Writer’s note (31 March 2019): This piece was written when I was targeting STEM (Science, Technology, Engineering, and Math) women who were having dating troubles. I’ve since transformed my coaching business into one helping all women who feel anxious and insecure in their love lives find healthy, intimate relationships with themselves and others. Learn more.
My 30th birthday was on 18 November, and I decided to treat myself to something unusual: a helicopter flying lesson. It was exhilarating, of course, and I was able to take dating lessons from the experience to share with you, just like a cool teacher who can relate just about any experience to the subject (s)he teaches and preaches.
Just like an amazing date, this experience “flew” by in the blink of an eye. It gave more fodder for the expression “Time flies when you’re having fun.” (#SorryNotSorry for the horrible “fly” jokes ;-).)
First, my instructor, a 21-year-old man who’s been flying since he was 14, gave me a 20-minute crash course on some theory behind flying a helicopter.
After getting what was essentially a Physics 101 lecture, he told me, “Just remember to fly high and fast, not low and slow. And no jerky movements on the control.”
Everyone and their mother and dog warned me about the “jerky movements.” Some told me that flying a helicopter would be impossibly challenging, which is why they didn’t pursue it (or didn’t pursue it further).
One person sent me a Los Angeles Times article about a helicopter crash and asked, “Is this the helicopter you’re going to fly?” And some were thrilled, even surprised, that I was going to do this in the first place.
Many of them had their preconceived notions about flying this type of machine, whether based on the media or their experience, but I wasn’t afraid. I was ready for something new.
I mean, if a fucking 21-year-old could fly one, I could fly one, too.
Flying a Helicopter
We rode a golf cart to the helicopter I would learn to fly, and it was surprisingly tiny.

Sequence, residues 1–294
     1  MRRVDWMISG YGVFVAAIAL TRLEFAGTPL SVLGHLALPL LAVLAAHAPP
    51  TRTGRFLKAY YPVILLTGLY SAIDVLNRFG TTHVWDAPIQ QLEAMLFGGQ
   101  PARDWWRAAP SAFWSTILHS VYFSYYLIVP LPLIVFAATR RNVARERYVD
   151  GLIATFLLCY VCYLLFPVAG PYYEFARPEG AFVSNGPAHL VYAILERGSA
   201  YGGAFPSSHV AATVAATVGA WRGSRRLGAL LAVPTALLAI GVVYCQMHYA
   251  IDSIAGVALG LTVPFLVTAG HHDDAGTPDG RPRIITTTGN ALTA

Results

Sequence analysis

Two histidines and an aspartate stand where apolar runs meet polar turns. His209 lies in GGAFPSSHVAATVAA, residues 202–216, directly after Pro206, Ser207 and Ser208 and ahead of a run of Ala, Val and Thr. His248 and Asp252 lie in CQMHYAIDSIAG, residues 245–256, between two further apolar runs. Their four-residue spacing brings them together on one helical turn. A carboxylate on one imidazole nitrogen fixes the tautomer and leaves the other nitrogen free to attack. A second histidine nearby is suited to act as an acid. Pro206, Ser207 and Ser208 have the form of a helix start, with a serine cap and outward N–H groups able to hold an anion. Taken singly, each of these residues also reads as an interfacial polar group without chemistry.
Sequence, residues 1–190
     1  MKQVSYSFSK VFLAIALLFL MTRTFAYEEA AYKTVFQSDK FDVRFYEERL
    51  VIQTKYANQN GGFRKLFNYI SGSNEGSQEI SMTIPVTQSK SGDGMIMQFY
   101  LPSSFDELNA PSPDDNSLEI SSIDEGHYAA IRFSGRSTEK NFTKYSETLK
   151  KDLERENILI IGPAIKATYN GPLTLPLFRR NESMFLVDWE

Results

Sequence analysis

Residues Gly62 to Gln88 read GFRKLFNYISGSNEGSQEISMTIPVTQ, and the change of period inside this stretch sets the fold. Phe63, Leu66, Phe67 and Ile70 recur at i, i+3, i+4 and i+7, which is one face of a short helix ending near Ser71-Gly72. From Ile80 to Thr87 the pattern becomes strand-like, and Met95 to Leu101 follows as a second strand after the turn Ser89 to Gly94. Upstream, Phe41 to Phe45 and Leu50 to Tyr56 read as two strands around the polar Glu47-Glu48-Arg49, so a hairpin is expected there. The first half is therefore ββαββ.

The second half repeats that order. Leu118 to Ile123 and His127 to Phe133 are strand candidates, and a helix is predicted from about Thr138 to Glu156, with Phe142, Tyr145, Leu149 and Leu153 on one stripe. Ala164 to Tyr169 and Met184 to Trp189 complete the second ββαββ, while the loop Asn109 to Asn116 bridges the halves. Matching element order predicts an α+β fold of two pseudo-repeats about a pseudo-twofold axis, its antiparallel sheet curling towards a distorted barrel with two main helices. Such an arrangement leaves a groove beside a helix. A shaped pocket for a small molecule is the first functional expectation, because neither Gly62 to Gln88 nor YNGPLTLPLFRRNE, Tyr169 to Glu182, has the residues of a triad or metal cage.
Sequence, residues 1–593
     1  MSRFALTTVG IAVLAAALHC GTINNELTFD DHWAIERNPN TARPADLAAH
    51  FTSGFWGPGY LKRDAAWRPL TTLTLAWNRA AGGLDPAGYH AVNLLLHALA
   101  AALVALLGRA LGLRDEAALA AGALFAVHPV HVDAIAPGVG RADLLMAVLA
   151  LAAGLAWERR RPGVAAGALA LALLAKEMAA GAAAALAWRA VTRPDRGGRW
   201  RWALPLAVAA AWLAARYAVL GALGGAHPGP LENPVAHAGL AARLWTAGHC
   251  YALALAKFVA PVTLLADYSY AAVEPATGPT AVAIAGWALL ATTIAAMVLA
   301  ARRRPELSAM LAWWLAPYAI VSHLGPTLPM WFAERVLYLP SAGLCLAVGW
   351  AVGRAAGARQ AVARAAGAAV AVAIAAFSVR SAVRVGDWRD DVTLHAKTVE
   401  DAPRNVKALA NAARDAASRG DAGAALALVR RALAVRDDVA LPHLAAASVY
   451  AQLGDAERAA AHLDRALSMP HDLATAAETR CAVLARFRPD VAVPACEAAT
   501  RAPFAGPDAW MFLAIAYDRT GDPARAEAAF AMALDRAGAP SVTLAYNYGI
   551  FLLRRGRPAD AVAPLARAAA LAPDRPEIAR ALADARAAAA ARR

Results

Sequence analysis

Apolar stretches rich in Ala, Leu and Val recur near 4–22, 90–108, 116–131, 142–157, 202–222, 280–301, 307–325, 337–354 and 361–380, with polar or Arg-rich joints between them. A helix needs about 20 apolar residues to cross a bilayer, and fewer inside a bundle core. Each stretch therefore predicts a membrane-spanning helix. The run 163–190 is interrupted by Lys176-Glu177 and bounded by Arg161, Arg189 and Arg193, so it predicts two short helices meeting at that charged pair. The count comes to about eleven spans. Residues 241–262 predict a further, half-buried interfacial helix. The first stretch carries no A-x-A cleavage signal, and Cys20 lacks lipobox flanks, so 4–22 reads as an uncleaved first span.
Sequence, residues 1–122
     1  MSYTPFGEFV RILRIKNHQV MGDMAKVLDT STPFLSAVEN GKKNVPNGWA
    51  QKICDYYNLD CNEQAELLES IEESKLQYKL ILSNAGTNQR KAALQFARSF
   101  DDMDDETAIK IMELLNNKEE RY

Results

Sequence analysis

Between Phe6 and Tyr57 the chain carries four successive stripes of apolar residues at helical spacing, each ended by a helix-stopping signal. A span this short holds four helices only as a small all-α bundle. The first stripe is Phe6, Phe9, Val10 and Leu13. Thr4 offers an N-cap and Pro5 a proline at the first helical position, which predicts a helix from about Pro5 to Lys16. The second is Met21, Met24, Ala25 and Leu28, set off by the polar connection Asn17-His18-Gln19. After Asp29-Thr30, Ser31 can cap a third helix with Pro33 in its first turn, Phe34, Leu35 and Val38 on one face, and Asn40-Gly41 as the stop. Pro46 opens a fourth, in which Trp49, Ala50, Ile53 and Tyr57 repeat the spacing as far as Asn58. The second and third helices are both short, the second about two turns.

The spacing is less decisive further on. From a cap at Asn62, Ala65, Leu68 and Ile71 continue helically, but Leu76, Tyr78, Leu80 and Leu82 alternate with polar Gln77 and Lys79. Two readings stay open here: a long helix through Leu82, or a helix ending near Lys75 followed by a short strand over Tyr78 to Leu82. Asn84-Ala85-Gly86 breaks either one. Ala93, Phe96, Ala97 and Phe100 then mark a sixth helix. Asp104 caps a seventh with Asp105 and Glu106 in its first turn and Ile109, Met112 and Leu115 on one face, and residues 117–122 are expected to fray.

So, this is why they asked for my height and weight. Duh.
When we hopped into the ‘copter, we put on our earphones and listened to air traffic control deliver their jibber jabber. The next thing I knew, my instructor was running the engine and lifting us toward the sky.
“Here’s the Hollywood sign,” he pointed to our left. Wicked. That was the closest I’d ever been to the Hollywood sign, even though I’ve lived in southern California my whole life.
Then he said, “There’s Universal Studios below.” Sick.
Soon enough, it was time for me to take control.
We started performing the ritual he taught me for taking the “stick” or “cyclic” (the control).
“You’re in control?” he started.
I put my hand on the stick: “I’m in control.”
“You’re in control,” he let go.
That was it! I was in control!
He directed me toward Downtown Los Angeles: “Go right a little so we can fly over Downtown LA. Make sure the compass stays level with the horizon, check the speedometer, and just feel it as you go and give the helicopter time to react.”
“Be one with the helicopter?” I asked.
He laughed. “Yes, be one with the machine,” he replied.
I spent a good amount of time learning how to go right, left, forward, and backward. Those maneuvers were pretty sensitive, but not impossible, and I really just had to be gentle. I could see the beauty of taking your time instead of forcing an instantaneous reaction, almost like doing tai chi.
Then I was even more curious: “Do I do anything with this?”
I pointed to a lever between us, just below hip level.
“Yes, that helps us ascend and descend. Give it a try,” he said.
He told me to slowly, gently, pull it down, then back up. We watched various numbers on the dashboard change.
In my view, it really wasn’t rocket science. You try a maneuver and see what happens. More often than not, you survive.
When my lesson was over, my instructor took the controls and landed us safely back in Burbank. I got my “demo” certificate to let future instructors know that I completed this training in case I want to continue my helicopter adventures. I was a “fly girl” ;-).
It might seem silly taking an experience such as a helicopter flying lesson and saying, “Now, take these principles and go meet people.”
Seriously, though: Trying something new or persisting on a seemingly unrewarding track can have its emotional ramifications, like walking in circles for months, even years, without relief.